Mercy and Luis looking at each other_LOcopy22
Mercy and Luis Figueroa enjoy a moment during their commencement ceremony in 2017, where Mercy was the student speaker.

The Figueroas not only have son Isaac studying at Saint Leo, but Mercy’s sister, Heavenly Aguilar, graduated with honors with a Bachelor of Arts degree in criminal justice-criminalistics at the Tampa commencement ceremony on May 31. She now is pursuing a master’s degree.

Mercy graduated summa cum laude with a Bachelor of Arts degree in criminal justice-criminalistics, while Luis also graduated summa cum laude with a Bachelor of Arts degree in business administration-technology management.

For Mercy, what’s next is pursuing a law degree at the University of Mississippi School of Law, while Luis will complete his MBA at Saint Leo in December.

A family finds their home at Saint Leo

The U.S. Air Force brought the Blackman family to Florida, but Saint Leo University provided a home away from home for them. For Derrick and Kimberly Blackman and their son Elijah, Saint Leo offered the opportunity to study together, lean on each other, and cheer for each other—in the classroom and on the basketball court.

The family moved to Tampa from Colorado in 2000 when Derrick Blackman was transferred to MacDill Air Force Base. While on active duty with the Air Force, Derrick took a class at Saint Leo and enjoyed it. From there, it was on to pursuing a degree.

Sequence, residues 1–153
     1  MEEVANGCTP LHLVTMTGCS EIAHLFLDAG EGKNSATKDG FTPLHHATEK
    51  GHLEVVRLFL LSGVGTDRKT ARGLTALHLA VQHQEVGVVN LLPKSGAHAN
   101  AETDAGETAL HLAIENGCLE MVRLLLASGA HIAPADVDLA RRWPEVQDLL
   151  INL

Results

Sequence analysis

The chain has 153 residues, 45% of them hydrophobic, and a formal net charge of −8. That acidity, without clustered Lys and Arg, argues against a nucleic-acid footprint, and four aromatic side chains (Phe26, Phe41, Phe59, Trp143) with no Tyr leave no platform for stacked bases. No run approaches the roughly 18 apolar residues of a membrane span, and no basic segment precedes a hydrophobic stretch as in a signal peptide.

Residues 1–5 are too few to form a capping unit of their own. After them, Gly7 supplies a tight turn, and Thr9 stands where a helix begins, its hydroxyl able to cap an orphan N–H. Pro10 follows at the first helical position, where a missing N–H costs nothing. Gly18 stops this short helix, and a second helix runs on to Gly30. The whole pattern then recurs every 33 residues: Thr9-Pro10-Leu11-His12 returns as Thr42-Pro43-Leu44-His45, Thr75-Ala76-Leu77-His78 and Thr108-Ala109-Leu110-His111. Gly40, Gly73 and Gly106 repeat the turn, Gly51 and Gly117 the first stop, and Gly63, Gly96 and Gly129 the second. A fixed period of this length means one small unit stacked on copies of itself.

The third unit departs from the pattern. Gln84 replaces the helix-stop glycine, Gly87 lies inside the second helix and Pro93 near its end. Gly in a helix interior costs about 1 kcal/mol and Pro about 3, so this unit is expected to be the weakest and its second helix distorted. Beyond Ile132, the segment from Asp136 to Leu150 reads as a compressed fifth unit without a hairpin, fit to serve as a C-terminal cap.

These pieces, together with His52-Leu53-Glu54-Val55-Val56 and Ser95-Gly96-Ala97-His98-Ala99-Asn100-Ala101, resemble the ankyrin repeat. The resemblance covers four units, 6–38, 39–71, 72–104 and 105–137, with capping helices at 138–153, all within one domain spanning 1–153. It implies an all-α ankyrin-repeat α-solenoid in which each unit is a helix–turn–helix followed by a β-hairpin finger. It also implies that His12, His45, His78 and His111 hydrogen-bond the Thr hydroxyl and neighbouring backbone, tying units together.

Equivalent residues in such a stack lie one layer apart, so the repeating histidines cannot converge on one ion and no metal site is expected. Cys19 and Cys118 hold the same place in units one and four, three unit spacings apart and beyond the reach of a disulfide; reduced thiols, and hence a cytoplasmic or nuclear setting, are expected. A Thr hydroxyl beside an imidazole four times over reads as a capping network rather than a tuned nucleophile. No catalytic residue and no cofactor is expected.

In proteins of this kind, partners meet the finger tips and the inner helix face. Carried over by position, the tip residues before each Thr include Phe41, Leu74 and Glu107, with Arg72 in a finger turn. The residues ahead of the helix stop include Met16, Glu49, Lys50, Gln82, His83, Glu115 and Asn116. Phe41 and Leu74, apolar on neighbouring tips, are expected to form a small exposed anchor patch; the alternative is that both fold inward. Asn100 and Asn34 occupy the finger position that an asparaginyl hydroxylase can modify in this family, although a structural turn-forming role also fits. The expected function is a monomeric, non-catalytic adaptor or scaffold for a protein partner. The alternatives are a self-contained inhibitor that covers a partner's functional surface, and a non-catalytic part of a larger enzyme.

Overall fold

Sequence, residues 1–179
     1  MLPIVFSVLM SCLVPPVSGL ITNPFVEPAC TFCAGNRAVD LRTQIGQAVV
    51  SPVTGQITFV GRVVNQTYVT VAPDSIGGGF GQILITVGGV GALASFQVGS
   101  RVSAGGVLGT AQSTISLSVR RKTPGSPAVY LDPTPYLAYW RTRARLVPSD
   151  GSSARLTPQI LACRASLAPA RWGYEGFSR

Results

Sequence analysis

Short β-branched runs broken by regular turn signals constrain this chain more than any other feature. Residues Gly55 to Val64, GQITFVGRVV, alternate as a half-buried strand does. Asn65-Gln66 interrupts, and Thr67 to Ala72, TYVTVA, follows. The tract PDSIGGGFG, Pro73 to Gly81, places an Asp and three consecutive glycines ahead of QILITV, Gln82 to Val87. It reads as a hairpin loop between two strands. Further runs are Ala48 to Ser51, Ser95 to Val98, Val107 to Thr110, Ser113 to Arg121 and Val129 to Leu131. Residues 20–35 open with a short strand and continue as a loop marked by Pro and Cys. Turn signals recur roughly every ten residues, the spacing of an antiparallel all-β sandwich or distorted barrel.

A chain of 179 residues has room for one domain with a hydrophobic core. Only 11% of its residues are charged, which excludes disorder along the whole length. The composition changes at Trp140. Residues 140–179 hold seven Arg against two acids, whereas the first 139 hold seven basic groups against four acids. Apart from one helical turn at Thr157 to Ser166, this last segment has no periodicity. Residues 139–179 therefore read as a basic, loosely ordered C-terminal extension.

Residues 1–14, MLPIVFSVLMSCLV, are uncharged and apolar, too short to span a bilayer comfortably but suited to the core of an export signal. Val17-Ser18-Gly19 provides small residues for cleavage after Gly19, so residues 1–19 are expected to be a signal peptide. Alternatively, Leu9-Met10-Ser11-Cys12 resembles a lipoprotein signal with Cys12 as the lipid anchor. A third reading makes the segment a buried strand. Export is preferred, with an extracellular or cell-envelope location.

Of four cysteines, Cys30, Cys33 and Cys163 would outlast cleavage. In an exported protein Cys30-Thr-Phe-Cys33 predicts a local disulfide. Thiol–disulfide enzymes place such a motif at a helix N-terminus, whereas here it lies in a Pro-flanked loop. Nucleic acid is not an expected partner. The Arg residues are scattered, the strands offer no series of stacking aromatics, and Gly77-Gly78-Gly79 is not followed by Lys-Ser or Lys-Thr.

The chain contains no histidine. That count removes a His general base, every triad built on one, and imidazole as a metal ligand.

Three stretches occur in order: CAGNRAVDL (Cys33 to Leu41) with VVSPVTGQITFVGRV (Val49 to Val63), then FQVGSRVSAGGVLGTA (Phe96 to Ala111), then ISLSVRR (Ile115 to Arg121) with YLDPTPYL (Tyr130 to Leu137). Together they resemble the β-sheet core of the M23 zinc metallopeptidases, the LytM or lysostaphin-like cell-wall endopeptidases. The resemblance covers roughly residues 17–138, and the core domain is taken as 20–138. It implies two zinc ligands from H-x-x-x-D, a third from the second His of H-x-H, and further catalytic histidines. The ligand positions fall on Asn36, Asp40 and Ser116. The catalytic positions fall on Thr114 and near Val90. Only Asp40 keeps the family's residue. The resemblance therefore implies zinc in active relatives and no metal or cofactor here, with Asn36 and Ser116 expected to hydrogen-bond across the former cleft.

Derrick graduated from Saint Leo in 2015 with a bachelor’s degree in religion. Next up was Elijah, who enrolled after Saint Leo representatives visited Wesley Chapel (FL) High School during his senior year there. It took a little while longer for Kimberly. “About two years later, my husband encouraged me to enroll,” she said. “He said, ‘You’ve already got your associate degree, and Saint Leo is an awesome institution for getting a quality education.’ And it was great! I’m so grateful.”

Elijah distributing ashes2
Elijah Blackman served as a University Ministry Mentor and distributed ashes on Ash Wednesday.

Not only did Derrick encourage Kimberly, but he also pursued a master’s degree in theology. In 2017, the Blackmans graduated with Kimberly and Elijah receiving their diplomas together at the Saint Leo WorldWide commencement. Derrick received his master’s degree the next day during the morning graduate program commencement, where he also performed the national anthem.